Opening abstract taken directly from Isobelle's PhD:
“This thesis explores the complementarity of the literary modes of realism and the Fantastic by means of the writing of a slipstream novel, The Theatre of Death, and through its analysis in a critical essay, “Riding the Slipstream”. Where writers such as Sterling (1989) have used the term slipstream to describe a subgenre of fantasy, I use it to describe a writerly set of techniques in which an author oscillates between the modes of realism and the Fantastic, in structure, language, and/or setting. Ostensibly a work of realism, my novel The Theatre of Death is set in Dockers Gorge, a fictional but realistic inland regional town in Australia. After the shocking murder of one of their children, the impoverished Rose family sell their home and move into a ramshackle residence attached to an abandoned rope factory in an industrial area on the outskirts of the town, where they try to establish an alternative funeral home. As a creative work, The Theatre of Death explores grief as a redemptive process, leading to reconciliation of the self with mortality. I adopt an autoethnographic approach to explore the techniques of slipstream, to show how a dynamic interplay of the Fantastic and realism can engage with questions of mortality and bereavement. This fieldwork informs a metatextual layer in the novel. The requirement to establish positionality in an ethnography allows me to explore my own experience of bereavement and affords a unique exploration of the rich uncertainties of the emergent aspects of creative practice.”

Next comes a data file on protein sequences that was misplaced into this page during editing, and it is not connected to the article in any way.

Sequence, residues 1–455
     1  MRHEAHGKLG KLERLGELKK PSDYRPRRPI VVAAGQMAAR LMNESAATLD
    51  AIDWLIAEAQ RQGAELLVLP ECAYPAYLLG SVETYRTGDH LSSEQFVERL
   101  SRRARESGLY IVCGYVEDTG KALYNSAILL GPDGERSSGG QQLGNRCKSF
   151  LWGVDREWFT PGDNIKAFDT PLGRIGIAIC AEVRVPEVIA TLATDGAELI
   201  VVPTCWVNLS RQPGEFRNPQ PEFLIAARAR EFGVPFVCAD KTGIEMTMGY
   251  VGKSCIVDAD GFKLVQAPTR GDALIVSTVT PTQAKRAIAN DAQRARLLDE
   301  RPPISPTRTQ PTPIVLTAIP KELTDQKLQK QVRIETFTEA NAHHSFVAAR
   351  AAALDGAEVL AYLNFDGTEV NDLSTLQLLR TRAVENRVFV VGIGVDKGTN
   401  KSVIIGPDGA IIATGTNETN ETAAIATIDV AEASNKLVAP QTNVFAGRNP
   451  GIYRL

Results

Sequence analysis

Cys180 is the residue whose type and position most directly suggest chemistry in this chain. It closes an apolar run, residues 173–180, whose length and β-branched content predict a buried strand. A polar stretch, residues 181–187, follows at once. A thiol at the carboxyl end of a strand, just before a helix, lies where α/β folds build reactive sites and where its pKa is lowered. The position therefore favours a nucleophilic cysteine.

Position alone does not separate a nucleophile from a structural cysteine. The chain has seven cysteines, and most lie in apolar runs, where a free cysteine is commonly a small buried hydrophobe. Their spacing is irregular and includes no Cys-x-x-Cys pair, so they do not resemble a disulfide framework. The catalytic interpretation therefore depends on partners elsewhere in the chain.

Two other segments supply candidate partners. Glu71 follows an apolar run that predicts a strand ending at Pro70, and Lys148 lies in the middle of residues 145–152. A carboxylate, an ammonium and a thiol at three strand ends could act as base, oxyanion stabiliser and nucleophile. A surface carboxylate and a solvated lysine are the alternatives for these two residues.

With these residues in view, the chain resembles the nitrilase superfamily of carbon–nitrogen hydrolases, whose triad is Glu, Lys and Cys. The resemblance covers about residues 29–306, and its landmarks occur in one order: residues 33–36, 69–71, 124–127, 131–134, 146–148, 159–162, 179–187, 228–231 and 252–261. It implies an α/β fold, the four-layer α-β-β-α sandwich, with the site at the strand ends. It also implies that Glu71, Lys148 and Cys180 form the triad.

For more information, contact Isobelle.